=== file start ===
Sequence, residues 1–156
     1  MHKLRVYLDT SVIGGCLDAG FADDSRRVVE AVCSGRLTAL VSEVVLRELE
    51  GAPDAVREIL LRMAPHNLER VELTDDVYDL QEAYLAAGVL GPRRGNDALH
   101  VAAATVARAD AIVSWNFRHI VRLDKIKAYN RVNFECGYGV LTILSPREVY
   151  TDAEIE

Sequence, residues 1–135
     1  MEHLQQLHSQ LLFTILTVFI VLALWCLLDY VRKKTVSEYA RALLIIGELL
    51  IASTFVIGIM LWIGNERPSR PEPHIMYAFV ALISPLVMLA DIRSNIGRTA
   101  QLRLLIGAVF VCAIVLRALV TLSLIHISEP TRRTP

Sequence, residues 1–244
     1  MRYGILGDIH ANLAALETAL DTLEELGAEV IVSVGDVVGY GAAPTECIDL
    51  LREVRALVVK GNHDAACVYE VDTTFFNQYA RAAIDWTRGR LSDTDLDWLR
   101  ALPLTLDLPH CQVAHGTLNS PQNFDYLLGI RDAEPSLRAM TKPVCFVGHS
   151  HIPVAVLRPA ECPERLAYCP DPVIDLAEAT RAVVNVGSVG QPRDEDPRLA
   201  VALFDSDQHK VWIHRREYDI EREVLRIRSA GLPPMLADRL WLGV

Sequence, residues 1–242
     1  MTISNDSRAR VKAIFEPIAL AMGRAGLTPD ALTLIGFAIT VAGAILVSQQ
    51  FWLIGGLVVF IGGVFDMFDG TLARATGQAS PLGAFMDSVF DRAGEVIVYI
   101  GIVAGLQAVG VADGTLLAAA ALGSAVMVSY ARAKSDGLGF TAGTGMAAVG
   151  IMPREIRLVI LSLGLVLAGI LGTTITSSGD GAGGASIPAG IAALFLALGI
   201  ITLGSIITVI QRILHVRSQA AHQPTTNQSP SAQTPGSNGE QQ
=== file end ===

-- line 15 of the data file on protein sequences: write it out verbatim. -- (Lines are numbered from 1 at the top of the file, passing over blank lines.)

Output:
   201  VALFDSDQHK VWIHRREYDI EREVLRIRSA GLPPMLADRL WLGV